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John Perreault’s popular blog, Artopia, has a recent posting that brings together a disparate variety of themes. Braided into Perreault’s personal ruminations is reference to “Icons of the Desert: Early Aboriginal Paintings from Papunya”, the aboriginal art show at Grey Gallery (NYU), the “Mandala” show at the Rubin Museum, as well as a discussion of images also on display at the Rubin, “The Red Book of C.G. Jung” (newly released in English.)

On my way to New York to see both the NYU and Rubin shows, I will have more to write about both of these exhibitions when I return. Perreault’s posting is chock full of issues that are worth delving into in more detail, particularly given how boldly Perreault ventures into some controversial (sacrosanct?) territory. So more on this when I return this weekend.


Installation at Violet Ray Gallery

One of the old lions of the art world, Gillian Jagger, got a high five from John Perreault’s Artopia this week. She IS amazing.

Can an artist be too original, too ambitious? Gillian Jagger, in my book, is truly an original, one of the most original artists I have ever come across. Her work is bigger than life in its homage to both beasts and geology, and her use of space. The problem is that she is difficult to classify: critics, curators and collectors want examples of categories, not precedent-breaking, back-breaking, space-claiming, raw sculptures.

Jagger makes casts of what appear to be heavily trafficked pastures, the mud around wilderness watering holes and the unsung trails of migrating herds. And these great chunks of plaster and latex are deployed within specific exhibition sites to exploit the drama and the grandeur of her themes.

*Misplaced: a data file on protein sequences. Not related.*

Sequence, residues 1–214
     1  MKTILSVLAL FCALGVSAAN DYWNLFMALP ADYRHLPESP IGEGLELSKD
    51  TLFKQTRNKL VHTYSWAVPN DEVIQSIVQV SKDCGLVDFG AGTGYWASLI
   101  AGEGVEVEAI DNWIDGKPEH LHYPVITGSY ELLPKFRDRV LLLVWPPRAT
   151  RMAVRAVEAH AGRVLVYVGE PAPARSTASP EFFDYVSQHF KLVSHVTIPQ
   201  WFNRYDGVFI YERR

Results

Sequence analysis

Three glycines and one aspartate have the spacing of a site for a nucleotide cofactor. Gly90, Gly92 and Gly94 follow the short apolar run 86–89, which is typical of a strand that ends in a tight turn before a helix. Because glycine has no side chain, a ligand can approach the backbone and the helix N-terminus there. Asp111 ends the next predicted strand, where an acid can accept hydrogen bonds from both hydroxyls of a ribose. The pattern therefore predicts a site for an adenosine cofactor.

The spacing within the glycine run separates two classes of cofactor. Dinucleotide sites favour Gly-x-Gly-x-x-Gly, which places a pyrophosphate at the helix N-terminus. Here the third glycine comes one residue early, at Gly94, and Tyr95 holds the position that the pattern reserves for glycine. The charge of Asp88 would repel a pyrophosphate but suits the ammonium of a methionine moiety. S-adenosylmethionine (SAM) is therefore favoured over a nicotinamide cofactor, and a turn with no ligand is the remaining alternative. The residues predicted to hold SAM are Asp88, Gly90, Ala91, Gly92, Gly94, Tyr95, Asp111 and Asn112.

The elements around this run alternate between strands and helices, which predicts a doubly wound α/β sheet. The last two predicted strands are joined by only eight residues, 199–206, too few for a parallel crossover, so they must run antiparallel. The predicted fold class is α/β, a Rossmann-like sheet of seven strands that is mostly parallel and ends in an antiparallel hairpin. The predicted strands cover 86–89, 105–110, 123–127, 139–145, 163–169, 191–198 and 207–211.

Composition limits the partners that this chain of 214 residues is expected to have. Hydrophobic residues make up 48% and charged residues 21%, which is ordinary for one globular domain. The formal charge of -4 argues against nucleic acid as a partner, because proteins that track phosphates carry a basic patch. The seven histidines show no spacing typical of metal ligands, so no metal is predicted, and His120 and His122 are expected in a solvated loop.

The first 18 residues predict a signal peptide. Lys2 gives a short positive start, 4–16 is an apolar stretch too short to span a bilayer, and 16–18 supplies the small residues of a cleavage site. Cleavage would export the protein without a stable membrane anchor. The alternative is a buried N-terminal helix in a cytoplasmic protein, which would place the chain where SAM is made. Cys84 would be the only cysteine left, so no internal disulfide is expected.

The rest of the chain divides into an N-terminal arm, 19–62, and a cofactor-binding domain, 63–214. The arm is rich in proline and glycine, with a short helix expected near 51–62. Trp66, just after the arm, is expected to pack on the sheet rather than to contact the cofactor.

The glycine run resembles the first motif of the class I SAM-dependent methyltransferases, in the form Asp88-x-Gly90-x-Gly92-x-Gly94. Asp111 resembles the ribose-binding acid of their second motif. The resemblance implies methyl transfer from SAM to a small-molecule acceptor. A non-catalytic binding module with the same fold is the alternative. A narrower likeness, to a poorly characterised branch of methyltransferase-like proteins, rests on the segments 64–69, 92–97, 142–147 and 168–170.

You think at first you are looking at the crackled bed of a dried up lake or a marble quarry gone berserk, but then you see the hoof prints, at least in the present work… Many years ago, when visiting Africa, Jagger witnessed thundering herds in the wild. The image and the awe stuck with her, finally finding expression in these new works, under the title “In Between.”

When Jagger uses plaster, you don’t think of George Segal, you think of Nature. When she installs her gigantic flat (!) sculptures – whether as floor pieces, wall pieces, or something in between – she takes your breath away. Now, retired from teaching, she glories in her maturity. She is neither a Minimalist, anti-form artist, or Earth Artist. She is sui generis.

“I believe that the way of perceiving that I have developed living in nature leads to a shared sense of wholeness, to a sense of in-commonness of our mutual interconnected survival.”

–Gillian Jagger

“Her responses to found life begin with a visceral awareness of the urgency of its vulnerability or death and include a passionately attentive listening that has a visceral or meditative component. This listening to the other’s call precludes self-absorption and narcissism, which dissolves defenses against one’s own anxiety about vulnerability and death that help produce the mentality of compartmentalization.”

–Michael Brenson